Tests show non-English speaking children may need more than one year of instruction
Associated Press
June 16, 2005

By Ken Maguire,  Writer  | 

BOSTON --Most children who don't speak English as their first language may need more than one year of English-only instruction before they move to regular classrooms, according to test results released Thursday.

Voter-approved state law says those students should be sent to mainstream classes after one year of "English immersion," but the first statewide test results released since the law took effect in the fall of 2003 indicatemost are not ready.

State and federal laws require schools to assess the English proficiency of all students who are identified as "limited English proficient" innearly every grade. They are tested for English skills in reading, writing, speaking and listening.

About 31,000 of the state's nearly 50,000 LEP students were tested lastfall and again this spring.

Just 10 percent of first-year LEP students in grades three and four were classified at the "transitioning" level -- basic fluency -- after the spring test. Thirty percent of the second-year students in those grades were deemed fluent and ready to be sent to mainstream classrooms.

Other grade levels were statistically similar, while high schoolers scored higher after their first year (18 percent at basic fluency) and secondyear (28 percent).

The one-year-and-out law replaced the nation's first-ever bilingual education program, which kept children in native-language instruction classroomsfor several years. Critics said these mostly urban, low-income childrensuffered in the long term.

"There are some children who can transition in one year but those are exceptional cases," said Jose M. Pinheiro, Brockton Public Schools'director of bilingual education. "Students who have been here for three years dobetter than the others."

State education Commissioner David Driscoll said he's not convinced the one-year-and-out philosophy works.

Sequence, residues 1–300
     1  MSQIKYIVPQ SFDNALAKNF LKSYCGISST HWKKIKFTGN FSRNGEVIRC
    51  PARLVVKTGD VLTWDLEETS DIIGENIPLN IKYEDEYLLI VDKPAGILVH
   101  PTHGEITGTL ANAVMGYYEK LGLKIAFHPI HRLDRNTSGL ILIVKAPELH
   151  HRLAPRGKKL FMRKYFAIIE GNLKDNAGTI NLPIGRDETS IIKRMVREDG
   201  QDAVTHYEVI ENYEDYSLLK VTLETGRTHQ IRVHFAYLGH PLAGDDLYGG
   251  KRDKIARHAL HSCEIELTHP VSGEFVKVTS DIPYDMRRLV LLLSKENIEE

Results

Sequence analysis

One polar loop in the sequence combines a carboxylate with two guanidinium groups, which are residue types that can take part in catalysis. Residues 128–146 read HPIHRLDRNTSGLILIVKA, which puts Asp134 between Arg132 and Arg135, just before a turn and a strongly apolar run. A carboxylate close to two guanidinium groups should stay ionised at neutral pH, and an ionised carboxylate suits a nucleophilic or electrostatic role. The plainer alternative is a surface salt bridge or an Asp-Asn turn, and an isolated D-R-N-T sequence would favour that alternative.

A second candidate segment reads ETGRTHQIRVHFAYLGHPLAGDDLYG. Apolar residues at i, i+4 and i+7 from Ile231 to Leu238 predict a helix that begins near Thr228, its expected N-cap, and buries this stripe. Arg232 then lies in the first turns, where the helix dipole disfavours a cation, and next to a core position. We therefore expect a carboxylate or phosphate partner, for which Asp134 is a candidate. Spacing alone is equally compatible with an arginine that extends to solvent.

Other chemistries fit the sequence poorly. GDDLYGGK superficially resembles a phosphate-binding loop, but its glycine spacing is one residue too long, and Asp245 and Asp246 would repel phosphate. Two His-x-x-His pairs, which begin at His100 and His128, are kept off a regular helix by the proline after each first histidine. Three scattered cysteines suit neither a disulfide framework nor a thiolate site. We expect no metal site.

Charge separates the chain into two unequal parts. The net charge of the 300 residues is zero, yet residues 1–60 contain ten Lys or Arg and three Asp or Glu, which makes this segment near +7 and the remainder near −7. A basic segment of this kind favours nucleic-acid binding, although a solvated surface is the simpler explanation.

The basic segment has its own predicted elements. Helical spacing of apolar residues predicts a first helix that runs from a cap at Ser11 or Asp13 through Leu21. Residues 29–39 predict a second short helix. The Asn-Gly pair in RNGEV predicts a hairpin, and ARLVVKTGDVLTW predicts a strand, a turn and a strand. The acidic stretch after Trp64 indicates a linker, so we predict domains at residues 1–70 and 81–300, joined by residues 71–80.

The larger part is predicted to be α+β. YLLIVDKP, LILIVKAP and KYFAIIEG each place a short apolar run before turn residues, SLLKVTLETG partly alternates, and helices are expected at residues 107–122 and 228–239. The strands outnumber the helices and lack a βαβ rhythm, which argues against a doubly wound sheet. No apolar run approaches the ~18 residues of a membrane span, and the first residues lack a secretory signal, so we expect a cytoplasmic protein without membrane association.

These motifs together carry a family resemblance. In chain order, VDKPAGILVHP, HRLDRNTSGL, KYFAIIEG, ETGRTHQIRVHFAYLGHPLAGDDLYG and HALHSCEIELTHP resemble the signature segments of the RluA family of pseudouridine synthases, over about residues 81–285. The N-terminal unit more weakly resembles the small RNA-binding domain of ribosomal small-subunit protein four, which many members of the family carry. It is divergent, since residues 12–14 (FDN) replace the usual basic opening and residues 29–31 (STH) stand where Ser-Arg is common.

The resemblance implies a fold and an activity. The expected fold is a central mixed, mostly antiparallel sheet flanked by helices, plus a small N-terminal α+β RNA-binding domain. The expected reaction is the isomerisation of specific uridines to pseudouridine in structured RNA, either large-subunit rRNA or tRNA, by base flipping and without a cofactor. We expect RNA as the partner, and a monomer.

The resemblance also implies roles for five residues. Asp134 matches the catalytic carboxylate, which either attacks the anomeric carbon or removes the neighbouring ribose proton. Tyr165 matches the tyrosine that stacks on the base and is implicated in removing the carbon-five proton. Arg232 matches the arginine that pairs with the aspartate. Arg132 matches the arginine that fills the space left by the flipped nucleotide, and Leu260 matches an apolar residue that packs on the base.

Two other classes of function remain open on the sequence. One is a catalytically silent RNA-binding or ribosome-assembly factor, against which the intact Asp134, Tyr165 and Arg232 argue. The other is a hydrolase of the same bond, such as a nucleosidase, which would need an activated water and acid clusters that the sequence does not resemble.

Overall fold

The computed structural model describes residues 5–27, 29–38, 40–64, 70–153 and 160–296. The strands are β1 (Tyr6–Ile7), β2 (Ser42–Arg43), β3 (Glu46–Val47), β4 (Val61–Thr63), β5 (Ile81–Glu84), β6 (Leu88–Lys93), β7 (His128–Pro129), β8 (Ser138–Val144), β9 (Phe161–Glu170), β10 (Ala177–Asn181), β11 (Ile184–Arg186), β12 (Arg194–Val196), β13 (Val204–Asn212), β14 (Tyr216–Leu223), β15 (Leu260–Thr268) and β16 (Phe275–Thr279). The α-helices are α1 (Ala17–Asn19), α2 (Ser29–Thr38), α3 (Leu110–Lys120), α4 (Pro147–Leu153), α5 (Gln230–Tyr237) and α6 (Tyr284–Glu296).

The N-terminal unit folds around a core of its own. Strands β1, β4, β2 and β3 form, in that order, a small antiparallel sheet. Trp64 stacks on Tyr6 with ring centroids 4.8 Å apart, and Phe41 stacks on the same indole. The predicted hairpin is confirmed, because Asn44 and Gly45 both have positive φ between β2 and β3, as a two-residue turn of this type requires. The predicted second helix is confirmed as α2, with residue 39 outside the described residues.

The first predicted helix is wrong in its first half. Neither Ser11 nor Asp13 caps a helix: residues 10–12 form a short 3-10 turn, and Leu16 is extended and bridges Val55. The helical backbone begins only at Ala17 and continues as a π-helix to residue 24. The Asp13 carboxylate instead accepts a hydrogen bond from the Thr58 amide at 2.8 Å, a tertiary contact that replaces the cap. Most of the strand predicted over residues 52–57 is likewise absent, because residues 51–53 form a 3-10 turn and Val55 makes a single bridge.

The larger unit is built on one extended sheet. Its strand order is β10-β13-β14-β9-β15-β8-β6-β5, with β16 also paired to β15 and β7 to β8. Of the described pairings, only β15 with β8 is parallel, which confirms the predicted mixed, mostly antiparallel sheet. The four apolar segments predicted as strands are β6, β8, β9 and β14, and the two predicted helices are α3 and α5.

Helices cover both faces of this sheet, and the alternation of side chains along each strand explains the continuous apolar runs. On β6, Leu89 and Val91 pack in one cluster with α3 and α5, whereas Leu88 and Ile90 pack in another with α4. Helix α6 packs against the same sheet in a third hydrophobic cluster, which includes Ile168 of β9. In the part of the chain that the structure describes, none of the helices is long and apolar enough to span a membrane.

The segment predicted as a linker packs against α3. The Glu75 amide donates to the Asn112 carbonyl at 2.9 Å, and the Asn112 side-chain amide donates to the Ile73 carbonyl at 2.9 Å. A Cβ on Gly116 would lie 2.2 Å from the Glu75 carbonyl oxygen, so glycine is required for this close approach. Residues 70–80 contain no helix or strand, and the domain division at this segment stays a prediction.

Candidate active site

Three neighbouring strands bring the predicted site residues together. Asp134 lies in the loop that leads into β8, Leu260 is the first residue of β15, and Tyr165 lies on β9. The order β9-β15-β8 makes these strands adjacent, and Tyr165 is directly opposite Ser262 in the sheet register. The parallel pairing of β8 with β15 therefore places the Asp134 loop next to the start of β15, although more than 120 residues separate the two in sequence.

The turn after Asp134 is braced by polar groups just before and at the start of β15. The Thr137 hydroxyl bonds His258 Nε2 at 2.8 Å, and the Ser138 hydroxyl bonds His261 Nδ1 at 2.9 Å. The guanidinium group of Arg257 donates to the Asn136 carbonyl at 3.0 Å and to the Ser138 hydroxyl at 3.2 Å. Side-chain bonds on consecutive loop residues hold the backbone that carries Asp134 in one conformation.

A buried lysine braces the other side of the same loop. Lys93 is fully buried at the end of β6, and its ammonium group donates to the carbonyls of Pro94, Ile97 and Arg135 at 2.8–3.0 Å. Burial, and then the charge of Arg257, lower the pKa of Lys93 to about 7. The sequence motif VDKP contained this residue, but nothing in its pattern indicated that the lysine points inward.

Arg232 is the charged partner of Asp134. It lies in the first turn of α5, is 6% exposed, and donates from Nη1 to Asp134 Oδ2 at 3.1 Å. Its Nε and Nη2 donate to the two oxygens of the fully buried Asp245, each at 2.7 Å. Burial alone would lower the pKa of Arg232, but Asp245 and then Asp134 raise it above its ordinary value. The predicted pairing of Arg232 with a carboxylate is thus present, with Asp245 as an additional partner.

"That bears some watching," he said. "I'm not sure where statistically how true that is. Over time, hopefully we'll start to see the progress and we can bring data to that question."

Driscoll said it's too soon, however, to draw conclusions.

"The reason that it's hard to talk about whether immersion is working versus the old system is that we now have this strong system of standards and assessments that we didn't have under the previous system."

Over time, he said, the immersion philosophy will prove to be more successful.

"I think it's working. More kids are making progress," he said. "(But) We don't have the data."

Not every child who took the fall test also took the spring test, but there's "a pretty big overlap," said Kit Viator, the state Department of Educations's director of student assessment.

Driscoll has said he won't force districts to move a child out of English immersion at the end of a year, out of concern it may violate a child'sfederal civil rights.

The mandated testing is just one measure -- grades and teacherobservations are others -- local districts use in determining whether to move a childinto regular classrooms. Districts are being encouraged to make thosedecisions this summer.

Districts receive extra state and federal funds for the number of students classified as LEP, Driscoll noted.

"The system ought to encourage movement," he said.

Silicon Valley millionaire Ron Unz, the financial force behind theballot initiative in Massachusetts -- and in California and Arizona --criticized the funding system.

"The schools get more money," he said. "If they move them into a regular classroom, they get less money."

Unz said classifications aren't as important as academic results. Nearly80 percent of LEP students passed the MCAS high school exit exam in 2004,for example.

Fifty-five percent of the state's LEP students speak Spanish as theirfirst language, followed by 9 percent speaking Portuguese. Khmer, HaitianCreole, Vietnamese, Chinese, Cape Verdean, Russian and Arabic are among otherfirst languages.